Biden to Pick Jennifer Granholm, Former Michigan Governor, for Energy Secretary
WASHINGTON — President-elect Joseph R. Biden will nominate Jennifer M. Granholm, a former governor of Michigan and a longtime champion of renewable energy development, to be the next secretary of energy, according to four people close to the president-elect’s transition team.
If confirmed, Ms. Granholm, 61, will be the second woman, after Hazel R. O’Leary, who served under President Bill Clinton, to lead the vast department, which oversees the United States nuclear weapons complex as well as 17 national laboratories and a wide range of energy research and development initiatives.
Several people close to the transition said advisers had struggled over whether the Energy Department should be led by someone steeped in its core mission, ensuring the safety of the country’s nuclear arsenal, or whether Mr. Biden should select someone with a vision for leading a clean-energy transformation.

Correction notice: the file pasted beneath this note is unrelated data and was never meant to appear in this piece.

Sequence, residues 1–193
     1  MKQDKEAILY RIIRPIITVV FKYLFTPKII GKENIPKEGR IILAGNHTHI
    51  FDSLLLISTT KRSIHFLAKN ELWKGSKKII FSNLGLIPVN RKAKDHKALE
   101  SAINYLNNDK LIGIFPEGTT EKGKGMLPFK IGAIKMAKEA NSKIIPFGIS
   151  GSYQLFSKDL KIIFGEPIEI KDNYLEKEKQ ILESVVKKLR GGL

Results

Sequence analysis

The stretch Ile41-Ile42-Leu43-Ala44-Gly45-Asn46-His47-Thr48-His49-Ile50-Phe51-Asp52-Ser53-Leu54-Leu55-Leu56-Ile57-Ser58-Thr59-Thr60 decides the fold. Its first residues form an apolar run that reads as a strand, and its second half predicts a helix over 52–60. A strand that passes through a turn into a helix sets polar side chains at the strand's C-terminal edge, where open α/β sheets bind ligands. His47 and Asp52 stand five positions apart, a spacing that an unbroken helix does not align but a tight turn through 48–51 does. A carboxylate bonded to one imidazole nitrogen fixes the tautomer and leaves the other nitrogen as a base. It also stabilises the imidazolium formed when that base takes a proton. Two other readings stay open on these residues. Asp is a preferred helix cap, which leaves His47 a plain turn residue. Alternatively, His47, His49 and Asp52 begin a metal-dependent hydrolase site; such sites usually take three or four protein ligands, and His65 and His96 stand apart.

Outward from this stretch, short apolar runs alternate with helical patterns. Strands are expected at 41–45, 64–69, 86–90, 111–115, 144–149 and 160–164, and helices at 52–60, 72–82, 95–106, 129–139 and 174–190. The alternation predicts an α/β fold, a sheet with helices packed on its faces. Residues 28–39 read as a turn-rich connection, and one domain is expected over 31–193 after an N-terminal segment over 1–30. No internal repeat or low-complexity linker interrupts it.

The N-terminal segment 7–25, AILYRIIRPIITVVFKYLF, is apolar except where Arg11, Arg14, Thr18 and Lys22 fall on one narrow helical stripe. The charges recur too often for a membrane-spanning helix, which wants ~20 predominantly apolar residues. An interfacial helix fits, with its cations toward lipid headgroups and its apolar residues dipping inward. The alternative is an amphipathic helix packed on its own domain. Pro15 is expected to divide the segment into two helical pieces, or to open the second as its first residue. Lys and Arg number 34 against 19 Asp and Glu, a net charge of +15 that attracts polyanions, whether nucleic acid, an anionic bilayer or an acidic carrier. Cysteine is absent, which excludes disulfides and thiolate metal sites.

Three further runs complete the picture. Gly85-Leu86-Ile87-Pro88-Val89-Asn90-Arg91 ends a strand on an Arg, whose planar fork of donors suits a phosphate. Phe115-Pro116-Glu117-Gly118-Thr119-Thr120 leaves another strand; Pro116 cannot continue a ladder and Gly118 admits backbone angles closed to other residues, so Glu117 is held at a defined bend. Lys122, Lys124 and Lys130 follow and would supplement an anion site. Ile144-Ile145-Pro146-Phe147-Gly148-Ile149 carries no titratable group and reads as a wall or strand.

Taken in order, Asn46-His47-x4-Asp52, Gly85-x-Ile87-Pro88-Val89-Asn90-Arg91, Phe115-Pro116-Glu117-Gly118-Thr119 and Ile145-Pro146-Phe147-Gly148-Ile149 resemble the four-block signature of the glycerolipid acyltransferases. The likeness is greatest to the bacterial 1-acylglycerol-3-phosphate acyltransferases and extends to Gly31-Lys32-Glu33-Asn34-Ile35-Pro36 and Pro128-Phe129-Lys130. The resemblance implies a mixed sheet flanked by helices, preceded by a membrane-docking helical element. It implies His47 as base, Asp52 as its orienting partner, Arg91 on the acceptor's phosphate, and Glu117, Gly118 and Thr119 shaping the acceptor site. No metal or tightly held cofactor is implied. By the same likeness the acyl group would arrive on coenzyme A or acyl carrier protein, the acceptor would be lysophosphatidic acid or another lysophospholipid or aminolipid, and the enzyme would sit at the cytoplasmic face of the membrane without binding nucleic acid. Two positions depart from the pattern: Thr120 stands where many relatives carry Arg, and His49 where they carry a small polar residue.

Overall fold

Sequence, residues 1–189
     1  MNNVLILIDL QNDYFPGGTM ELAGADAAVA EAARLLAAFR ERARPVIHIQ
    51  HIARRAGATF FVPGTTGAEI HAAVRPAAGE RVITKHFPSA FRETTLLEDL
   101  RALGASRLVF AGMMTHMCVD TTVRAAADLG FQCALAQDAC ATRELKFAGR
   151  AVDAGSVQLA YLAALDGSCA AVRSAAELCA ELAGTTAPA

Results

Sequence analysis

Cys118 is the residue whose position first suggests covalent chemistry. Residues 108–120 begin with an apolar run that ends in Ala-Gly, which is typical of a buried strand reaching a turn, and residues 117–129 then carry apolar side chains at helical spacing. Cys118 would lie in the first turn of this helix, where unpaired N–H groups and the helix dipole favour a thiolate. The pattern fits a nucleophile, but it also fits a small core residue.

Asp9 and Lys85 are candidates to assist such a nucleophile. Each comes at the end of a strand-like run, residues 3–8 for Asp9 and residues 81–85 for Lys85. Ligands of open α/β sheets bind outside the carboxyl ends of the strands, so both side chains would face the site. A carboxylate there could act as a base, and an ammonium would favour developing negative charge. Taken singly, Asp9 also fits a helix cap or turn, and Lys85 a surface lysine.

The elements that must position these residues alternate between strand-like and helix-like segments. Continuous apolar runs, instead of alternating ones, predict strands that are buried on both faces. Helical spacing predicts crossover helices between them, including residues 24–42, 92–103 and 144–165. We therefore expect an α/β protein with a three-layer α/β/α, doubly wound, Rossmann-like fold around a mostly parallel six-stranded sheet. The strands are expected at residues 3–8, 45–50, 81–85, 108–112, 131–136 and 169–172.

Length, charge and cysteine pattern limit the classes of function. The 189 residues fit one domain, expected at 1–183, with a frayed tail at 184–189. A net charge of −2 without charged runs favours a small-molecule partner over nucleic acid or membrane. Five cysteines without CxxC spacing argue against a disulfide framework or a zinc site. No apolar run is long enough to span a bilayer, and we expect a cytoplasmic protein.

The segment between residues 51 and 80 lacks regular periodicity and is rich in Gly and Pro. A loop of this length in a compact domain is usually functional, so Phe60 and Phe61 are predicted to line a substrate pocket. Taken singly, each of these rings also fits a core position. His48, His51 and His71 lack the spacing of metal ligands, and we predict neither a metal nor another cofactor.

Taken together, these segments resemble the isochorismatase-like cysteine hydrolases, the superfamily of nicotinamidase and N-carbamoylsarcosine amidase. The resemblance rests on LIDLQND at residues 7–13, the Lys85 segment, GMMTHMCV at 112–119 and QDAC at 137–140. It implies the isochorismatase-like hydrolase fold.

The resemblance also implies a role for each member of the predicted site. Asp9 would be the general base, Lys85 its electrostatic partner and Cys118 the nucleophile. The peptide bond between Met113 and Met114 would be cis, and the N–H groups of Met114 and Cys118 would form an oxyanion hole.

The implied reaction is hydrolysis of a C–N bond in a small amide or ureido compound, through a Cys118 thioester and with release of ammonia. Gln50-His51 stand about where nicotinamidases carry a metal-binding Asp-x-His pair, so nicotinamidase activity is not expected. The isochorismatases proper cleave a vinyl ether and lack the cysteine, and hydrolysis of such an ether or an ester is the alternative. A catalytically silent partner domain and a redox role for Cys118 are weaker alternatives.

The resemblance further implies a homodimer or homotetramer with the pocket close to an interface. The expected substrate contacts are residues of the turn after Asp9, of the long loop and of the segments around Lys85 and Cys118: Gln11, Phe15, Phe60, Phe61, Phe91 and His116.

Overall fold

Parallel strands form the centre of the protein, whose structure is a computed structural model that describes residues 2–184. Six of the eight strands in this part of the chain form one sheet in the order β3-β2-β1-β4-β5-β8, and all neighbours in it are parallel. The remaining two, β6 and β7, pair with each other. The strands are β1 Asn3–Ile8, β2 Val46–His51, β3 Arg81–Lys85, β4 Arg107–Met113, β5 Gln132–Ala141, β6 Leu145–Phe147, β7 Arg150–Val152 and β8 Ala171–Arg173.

Ms. Granholm is widely credited during her two terms as Michigan governor with steering her state through a recession and working with the Obama administration on a 2009 bailout of the automobile industry that included clean energy investments and incentives for carmakers to invest in technologies like battery storage.
After her second term ended, in 2011, she became an advocate for renewable energy development, including giving a TED Talk on how investing in alternative energy resources can bolster state economies, something Mr. Biden has focused on in his coronavirus recovery plan.
“The economics are clear: The time for a low-carbon recovery is now,” Ms. Granholm wrote this year in The Detroit News, making the case for Michigan and other states to embrace low-carbon recovery measures to help rebuild from the economic hit of the coronavirus pandemic.
The decision to choose Ms. Granholm was seen as a nod to environmental groups, some of which had waged a campaign against Ernest J. Moniz, a former energy secretary who had long been seen as the front-runner to take the helm of department a second time. Though he was a favorite candidate of labor groups and a close adviser to Mr. Biden, activists objected strongly to financial ties he had to the fossil fuel industry and positions he had taken in favor of continued development of natural gas.